The St. Louis Cardinals are putting together another solid campaign, which will almost certainly lead to another postseason appearance.
The 2012 Cardinals have gotten pleasantly surprising seasons from certain players—a couple have even stepped up to become All-Stars. On the flip side, they also have some guys who were expected to perform at a higher level but have been duds this season.
Here is a list of those who surprised and those who disappointed in 2013.
By his performance to this point in the season, it is no surprise to see Matt Carpenter on such a list.
Cardinal fans have come to expect Carpenter to deliver when called upon, and he has rarely disappointed.
Currently, Carpenter is sporting a .321 batting average and leads the league in runs scored with 116, doubles with 51 and hits with 185.
All this from a guy who is playing a position he had never played before this season. Carpenter is truly the catalyst for the Cardinals offense, and when he is on, the Cardinals are tough to beat.
When Cardinals closer Jason Motte went down in spring training with an elbow injury, it was a pretty obvious choice that 2012 set-up man Mitchell Boggs would assume the role.
But when Boggs couldn't get a little leaguer out, Mike Matheny had to adjust on the fly.
Enter Edward Mujica. He came into the 2013 season with a measly four career saves and a 3.92 ERA. Not exactly closer-type stuff.
But Matheny showed confidence in Mujica, and he converted his first 21 saves for the Cardinals. To date, he has converted 36 saves, good for third in the National League. The right-hander has also put up a very solid 2.19 ERA, and the Cardinals will continue to count on him to close the door in the postseason.
I'm not sure what prompted Cardinals general manager John Mozeliak to take a flyer on Kevin Siegrist in 2008, but St. Louis fans are certainly glad he did.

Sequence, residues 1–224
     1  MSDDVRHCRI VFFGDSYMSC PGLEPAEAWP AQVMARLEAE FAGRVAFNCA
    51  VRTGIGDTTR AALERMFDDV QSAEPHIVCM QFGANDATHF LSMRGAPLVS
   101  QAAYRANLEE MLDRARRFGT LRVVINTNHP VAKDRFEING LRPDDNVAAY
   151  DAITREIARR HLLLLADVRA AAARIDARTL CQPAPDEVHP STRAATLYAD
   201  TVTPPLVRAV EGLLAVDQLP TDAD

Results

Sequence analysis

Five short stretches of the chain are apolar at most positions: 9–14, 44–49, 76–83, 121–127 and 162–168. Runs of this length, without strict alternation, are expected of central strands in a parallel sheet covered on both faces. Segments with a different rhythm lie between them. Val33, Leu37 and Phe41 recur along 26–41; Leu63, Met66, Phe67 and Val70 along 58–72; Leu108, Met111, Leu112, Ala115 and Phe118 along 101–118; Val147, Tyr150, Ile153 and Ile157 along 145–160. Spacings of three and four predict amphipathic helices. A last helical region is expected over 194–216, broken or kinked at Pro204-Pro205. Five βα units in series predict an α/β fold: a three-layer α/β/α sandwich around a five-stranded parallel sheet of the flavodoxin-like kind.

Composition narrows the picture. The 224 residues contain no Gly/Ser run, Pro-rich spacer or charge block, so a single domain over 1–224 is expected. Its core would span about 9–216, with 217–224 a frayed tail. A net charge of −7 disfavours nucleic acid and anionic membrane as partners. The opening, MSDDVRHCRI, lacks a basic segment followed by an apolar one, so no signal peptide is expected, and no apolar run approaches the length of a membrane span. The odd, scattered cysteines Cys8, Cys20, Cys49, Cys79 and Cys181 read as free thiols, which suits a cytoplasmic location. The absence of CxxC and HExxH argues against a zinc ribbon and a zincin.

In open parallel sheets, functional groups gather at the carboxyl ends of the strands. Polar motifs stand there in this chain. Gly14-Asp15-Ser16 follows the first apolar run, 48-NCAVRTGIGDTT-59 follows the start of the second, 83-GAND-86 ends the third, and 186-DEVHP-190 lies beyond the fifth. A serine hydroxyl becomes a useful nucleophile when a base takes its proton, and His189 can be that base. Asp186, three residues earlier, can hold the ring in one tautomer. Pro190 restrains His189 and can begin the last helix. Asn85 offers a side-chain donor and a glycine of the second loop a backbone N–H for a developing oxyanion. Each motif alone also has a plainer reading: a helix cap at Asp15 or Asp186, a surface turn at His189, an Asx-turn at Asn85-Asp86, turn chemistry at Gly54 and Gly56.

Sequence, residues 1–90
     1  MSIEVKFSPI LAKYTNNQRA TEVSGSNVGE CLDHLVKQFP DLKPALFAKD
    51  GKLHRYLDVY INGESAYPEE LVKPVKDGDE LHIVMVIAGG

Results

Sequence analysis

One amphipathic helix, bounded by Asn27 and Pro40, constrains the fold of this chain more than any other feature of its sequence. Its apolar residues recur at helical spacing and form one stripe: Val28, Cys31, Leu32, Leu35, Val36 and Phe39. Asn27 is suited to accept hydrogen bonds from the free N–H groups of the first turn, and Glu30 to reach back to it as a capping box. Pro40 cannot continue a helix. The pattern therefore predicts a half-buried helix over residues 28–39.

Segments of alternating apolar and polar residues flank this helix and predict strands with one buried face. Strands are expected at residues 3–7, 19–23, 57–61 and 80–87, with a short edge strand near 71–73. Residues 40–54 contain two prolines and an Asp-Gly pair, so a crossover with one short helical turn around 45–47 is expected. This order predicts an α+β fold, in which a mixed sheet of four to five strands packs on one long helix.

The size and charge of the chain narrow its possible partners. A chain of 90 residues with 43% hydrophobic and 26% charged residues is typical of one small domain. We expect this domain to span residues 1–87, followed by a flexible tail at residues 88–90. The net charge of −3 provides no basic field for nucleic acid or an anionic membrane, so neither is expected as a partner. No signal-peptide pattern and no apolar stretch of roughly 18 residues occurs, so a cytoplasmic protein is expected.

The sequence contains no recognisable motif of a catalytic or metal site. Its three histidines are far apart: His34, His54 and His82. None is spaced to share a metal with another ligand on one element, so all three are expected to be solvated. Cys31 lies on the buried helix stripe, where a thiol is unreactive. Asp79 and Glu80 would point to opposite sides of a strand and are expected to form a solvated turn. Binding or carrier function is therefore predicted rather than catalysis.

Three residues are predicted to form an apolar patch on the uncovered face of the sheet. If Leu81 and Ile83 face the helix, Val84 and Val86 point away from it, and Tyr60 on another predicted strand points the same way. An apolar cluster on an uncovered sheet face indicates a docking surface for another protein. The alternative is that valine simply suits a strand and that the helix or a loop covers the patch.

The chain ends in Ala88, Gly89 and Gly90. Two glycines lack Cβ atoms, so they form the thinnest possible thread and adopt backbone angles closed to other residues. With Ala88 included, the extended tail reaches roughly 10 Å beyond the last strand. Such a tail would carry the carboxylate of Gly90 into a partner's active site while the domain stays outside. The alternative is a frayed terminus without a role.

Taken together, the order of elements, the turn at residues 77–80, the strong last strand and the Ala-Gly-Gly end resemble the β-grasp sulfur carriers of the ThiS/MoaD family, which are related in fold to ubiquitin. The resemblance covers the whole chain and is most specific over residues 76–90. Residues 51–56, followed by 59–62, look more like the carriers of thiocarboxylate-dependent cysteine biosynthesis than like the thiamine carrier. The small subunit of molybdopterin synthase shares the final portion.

Siegrist was a 41st-round pick of the Cardinals in the 2008 amateur draft. Not exactly a guy one would expect to even make the major leagues—and if by some reason he did reach the show, he would have been the least likely prospect to develop into a dominant hurler.
Yet, that is exactly what Kevin Siegrist has done.
He took the place of the miserable Marc Rzepczynski in early June, and the Cardinals haven't looked back.
Siegrist has allowed only two earned runs in 34.1 innings while striking out 46 batters.
I love watching this guy pitch because he shows no fear and goes right after hitters. It'll be fun to watch him this postseason and in years to come.
As mentioned earlier, it was very much assumed that Mitchell Boggs would step right up when closer Jason Motte tore a ligament in his elbow this past spring.
However, the script did not play out that way. Mitchell went from being one of the best set-up men in baseball in 2012 to a guy who could not get a hitter out to save his life in 2013.
Boggs had a 2.21 ERA with 34 holds in 2012. As a closer, Boggs posted an 11.05 ERA with three blown saves in five opportunities. Additionally, Boggs walked 15 in 14.1 innings and opponents were batting .339 off him.
Hopefully for Boggs' sake, a change of scenery in Colorado will get his career back on track.
After a disappointing 2012, I think it's fair to say everyone in the Cardinal fanbase was hoping and expecting that Marc Rzepczynski would return to his 2011 form that proved critical in the Cardinals World Series run.
Unfortunately, the Cardinals and their fans had no such luck. Rzepczynski struggled mightily. He pitched only 10.1 innings and spent most of 2013 with the Cardinals Triple-A affiliate in Memphis, where he did little to restore the franchise's confidence in him.
During his time this season in the majors, Rzepczynski allowed a whopping .345 average.
Thankfully for the Cardinals, Kevin Siegrist has made Rzepczynski a distant memory.
Matt Holliday simply hasn't played like a $17 million-dollar player in 2013.
Holliday knows better than anyone that he hasn't put up the numbers expected of him, though he has gotten things going a bit more as of late.
However, the simple truth is that Holliday needs to produce more in crucial situations to help his team win. Holliday has grounded into an MLB-leading 29 double plays in 2013.
Additionally, his 19 homers is tied for 27th in home runs in the National League, and his .287 batting average is 23 points below his career average. One plus to mention is that Holliday is in the top 10 in the National League with 84 RBI.
But, because he is at best an average defender who is regularly replaced in late innings, Holliday needs to step up more at the plate and show he is a guy who is worth $17 million.